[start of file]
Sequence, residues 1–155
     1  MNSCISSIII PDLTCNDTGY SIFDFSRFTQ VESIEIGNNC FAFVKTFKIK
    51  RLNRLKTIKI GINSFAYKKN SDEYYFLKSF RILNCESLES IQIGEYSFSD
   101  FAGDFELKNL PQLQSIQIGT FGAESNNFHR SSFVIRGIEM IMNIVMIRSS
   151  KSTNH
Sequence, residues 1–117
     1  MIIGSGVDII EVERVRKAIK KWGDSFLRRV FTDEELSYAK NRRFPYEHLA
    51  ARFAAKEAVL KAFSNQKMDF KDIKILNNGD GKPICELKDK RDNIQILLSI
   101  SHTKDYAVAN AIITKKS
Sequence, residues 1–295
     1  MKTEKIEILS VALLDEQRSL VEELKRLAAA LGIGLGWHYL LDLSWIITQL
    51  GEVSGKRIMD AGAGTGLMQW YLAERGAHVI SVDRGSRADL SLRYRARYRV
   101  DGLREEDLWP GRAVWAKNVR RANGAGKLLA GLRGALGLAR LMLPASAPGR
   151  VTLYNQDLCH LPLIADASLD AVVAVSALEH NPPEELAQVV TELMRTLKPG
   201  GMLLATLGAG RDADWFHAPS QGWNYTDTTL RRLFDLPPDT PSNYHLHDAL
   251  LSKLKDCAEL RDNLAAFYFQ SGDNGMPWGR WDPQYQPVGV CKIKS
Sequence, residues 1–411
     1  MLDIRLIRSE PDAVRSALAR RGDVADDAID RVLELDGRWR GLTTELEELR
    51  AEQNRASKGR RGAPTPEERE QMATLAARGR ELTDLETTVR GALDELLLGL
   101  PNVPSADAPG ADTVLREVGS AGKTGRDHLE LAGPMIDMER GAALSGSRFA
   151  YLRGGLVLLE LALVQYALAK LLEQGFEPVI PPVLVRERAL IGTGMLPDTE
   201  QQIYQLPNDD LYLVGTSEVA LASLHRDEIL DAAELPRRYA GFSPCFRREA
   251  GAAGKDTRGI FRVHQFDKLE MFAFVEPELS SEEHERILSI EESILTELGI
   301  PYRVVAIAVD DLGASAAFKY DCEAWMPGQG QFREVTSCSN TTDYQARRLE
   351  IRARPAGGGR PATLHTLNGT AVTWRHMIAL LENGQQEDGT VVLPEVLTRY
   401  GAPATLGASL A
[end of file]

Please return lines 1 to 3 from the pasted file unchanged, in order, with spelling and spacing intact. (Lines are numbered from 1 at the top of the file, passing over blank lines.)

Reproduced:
Sequence, residues 1–155
     1  MNSCISSIII PDLTCNDTGY SIFDFSRFTQ VESIEIGNNC FAFVKTFKIK
    51  RLNRLKTIKI GINSFAYKKN SDEYYFLKSF RILNCESLES IQIGEYSFSD